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Archive for July, 2008

The other day I bought some video editing software for my Mac.  The reason it’s for my Mac is because my digital camera takes videos in *.mov (Quicktime) format, and none of my Windows editing software plays/edits .mov files by default.  I have to convert them all.  This is unreasonable because I have over 100 clips and I can’t possibly convert all of them to .wmv or something similar.

Anyhow, on Sunday I went to the store and picked up Final Cut Express for $200.  I knew that I might be able to get a discount because I worked for Microsoft but I didn’t have my ID card on me so I bought it anyhow.  However, I didn’t open the software up.

Later, I found out that Microsoft employees get a discount on software at the Apple store.  I wondered if it was worth going back out of my way for it.  For a 5% discount I wouldn’t bother, but I learned it was actually 17%.  A 17% discount on software came out to $33.  For $33, you better believe I headed back there and got my refund.  Not too shabby considering that the Apple store is not far out of my way on the drive home from work.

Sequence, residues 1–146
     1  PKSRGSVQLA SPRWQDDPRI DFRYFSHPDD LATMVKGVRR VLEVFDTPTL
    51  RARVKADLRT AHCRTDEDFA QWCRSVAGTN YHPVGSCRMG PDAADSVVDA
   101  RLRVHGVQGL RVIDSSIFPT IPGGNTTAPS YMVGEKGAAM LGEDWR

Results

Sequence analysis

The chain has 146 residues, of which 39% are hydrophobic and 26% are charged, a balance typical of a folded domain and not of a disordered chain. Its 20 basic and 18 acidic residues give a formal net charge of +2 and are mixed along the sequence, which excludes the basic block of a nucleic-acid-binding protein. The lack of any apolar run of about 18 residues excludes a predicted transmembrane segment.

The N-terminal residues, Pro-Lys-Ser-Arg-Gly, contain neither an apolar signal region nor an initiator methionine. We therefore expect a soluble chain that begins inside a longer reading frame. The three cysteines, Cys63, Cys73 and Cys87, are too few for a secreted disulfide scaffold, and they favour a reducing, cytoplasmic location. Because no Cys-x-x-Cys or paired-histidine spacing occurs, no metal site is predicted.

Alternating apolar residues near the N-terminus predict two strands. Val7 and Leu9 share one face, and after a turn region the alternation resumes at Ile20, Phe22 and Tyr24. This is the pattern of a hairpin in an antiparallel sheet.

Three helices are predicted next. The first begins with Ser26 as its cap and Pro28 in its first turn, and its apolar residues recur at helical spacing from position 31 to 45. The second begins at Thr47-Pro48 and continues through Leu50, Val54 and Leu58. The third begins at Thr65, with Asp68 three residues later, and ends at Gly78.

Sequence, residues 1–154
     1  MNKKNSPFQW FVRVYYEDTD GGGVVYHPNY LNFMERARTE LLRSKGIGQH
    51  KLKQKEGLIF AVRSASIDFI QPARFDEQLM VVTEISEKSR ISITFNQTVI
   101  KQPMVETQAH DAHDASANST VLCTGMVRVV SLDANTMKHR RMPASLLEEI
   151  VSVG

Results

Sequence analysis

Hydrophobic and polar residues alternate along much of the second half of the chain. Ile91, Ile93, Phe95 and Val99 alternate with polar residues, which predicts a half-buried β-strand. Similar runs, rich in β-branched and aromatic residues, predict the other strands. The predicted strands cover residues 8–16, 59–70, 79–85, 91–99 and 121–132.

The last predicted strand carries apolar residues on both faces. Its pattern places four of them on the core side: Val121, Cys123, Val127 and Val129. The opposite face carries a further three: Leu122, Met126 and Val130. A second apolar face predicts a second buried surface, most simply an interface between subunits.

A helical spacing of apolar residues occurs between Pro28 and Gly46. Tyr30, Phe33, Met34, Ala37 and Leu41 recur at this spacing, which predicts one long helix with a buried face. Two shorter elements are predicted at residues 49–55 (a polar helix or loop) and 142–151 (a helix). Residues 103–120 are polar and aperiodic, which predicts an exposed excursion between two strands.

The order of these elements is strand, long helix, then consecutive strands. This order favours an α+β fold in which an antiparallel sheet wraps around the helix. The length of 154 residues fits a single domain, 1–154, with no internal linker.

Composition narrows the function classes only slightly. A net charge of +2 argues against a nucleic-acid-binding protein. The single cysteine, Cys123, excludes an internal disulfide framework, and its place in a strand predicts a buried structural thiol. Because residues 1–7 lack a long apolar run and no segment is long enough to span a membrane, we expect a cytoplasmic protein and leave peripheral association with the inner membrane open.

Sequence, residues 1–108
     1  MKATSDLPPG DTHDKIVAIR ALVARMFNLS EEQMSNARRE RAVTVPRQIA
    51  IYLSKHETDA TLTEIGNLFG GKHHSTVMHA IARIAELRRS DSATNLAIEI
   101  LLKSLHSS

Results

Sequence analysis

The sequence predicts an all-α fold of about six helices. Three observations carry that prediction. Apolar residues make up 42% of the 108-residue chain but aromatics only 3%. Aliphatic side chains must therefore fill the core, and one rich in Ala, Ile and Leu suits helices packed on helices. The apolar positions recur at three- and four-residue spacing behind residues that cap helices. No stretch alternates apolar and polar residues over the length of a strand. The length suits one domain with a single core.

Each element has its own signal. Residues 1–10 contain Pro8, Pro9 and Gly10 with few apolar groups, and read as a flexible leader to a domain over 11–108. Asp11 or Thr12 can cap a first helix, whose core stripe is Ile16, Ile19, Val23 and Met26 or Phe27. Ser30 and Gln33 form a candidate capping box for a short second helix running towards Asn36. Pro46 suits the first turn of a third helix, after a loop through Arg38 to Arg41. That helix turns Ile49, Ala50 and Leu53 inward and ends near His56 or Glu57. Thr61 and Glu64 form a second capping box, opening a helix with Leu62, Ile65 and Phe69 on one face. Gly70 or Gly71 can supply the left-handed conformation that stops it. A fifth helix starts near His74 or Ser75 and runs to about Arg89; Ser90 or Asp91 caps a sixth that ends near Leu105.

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A few months ago, one of my co-workers traveled to India to get married.  His was an arranged marriage.  At the time, my other co-workers, who are about my age, asked me when I was getting married (almost like it was a challenge… or maybe a gentle needle?).  At the time, I lamented that theirs was a loaded question because they come from cultures where their marriages are arranged.  In western cultures, we select our own partners.

Last November, we went out to dinner to celebrate my co-worker’s marriage.  At the time, there were seven of us who went out.  1 was married, 1 was getting married (the guest of honor) and 5 of us were single.  So, my situation was pretty much the same as everyone else’s.  The question I was asked was loaded but at least we were all in the same boat.